(Natural News) A recent study has shown that odor plays a role in learning, in particular, in improving exam performance. In the report, published in the journal Scientific Reports, lead author Jurgen Kornmeier noted that fragrances have a supportive effect that “works very reliably in everyday life and can be used in a targeted way.”
Their findings supported previous research that said a specific aroma can boost memory performance when paired with sleep and learning. Scientists have found that it’s easier to recall information by smelling aroma and then sleeping next to a source of the same odor. But the findings of Kornmeier and his team are among the few that applied it in real-life situations.
People take in information through their sense of sight, hearing, touch, taste and smell – often in unison. The brain picks out salient information and builds a coherent picture of what’s happening around their surroundings. (Related: The science behind “familiar smells:” How odors affect memory formation in the brain.)
Details can be recalled at a later date when a small selection of this sensory information moves into short-term memory, and an even smaller proportion of that moves into long-term storage.
Probing ties between olfaction and memory
Scientists have probed the ties between olfaction and memory, with some thinking that the relationship may be useful for enhancing learning. In a 2017 study, scientists exposed participants to a particular odor who were carrying out a learning task. The same odor was also presented to all of the participants. Those who smelled the odor during slow-wave sleep performed better on memory tests than those who smelled the odor during rapid eye movement (REM) sleep. Similar results were also seen among those who smelled the odor during slow-wave sleep than those who were not initially presented with odor.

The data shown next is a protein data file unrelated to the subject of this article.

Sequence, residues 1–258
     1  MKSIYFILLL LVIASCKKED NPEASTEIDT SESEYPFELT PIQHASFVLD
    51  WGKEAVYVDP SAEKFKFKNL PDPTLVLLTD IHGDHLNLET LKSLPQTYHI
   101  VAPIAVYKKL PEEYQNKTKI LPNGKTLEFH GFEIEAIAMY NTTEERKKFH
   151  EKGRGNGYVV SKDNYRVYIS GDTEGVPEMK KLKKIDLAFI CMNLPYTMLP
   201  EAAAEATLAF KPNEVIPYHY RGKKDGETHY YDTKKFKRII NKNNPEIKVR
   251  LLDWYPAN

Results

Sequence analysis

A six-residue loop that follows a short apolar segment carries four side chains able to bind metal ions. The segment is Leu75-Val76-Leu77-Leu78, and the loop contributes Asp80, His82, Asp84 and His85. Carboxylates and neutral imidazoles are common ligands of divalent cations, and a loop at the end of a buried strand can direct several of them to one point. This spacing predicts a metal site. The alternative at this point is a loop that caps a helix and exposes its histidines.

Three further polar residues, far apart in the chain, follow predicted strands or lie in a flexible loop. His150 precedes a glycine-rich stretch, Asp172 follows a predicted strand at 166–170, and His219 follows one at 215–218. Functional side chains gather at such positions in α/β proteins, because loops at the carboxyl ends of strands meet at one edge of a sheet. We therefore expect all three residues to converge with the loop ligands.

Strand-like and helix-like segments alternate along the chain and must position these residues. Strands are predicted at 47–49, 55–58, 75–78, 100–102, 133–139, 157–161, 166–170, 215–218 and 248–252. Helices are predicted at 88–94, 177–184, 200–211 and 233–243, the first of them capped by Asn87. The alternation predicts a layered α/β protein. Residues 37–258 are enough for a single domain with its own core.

In the latest study, the team used this technique ex-situ. A total of 54 sixth-grade class students from Germany were recruited by scientists in the study. The participants were asked to keep rose-scented sticks next to them, while they learned English vocabulary at home. After one week, the students were given an exam.
The scientists split half of the students into four experimental groups. Those who have no exposure to any odor were in Group 1, while those exposed to the rose scent while studying at home and during the vocabulary tests went to Group 2.
Group 3 was composed of students who were exposed to the rose scent while learning at home and during each night before the test but not during the test.
Those who were exposed to the rose scent while learning at home, every night before the test, and during the test were in Group 4.
Students, who did not receive any odor acted as controls.
Groups 3 and 4 performed significantly better than those in Groups 1 and 2. Also, those in Group 2, who experienced the aroma during learning and testing did not benefit, reinforcing the importance of exposure while sleeping.
There was a significant increase in learning by about 30 percent if the incense sticks were used during learning and sleeping. The pivotal factor was that the exposure to aroma during sleep because even if Group 4 individuals performed slightly better than those in Group 3, the difference was not significant.
The findings imply that aroma boosted memory performance even though it was present for the whole night. (Related: Researchers built a virtual landscape for studying how our sense of smell influences behavior, ability to navigate.)
“This makes the findings suitable for everyday use,” noted Kornmeier.
The 54 participants were not large enough to be definitive but there is little doubt that odor plus memory task will be useful to other people because this can be applied to real-life situations.
As the protocol is relatively easy to follow, more research will hopefully follow soon.
Due to the experiment’s real-life setting, certain limitations are inherent. For instance, the scientists had to rely on the participants to use the rose scent correctly while at home.
The researchers also had no control over the proximity of the rose-scented sticks during learning at home or sleeping, meaning that each student may have experienced varying intensities of the aroma.
All in all, the results of this study add to the existing evidence that pairing learning and sleep with a specific aroma can boost memory performance.
Watch the full video of “Finding Genius Podcast” by Josh Silverman regarding the human nose on Brighteon.TV.
This video is from Finding Genius Podcast on Brighteon.com
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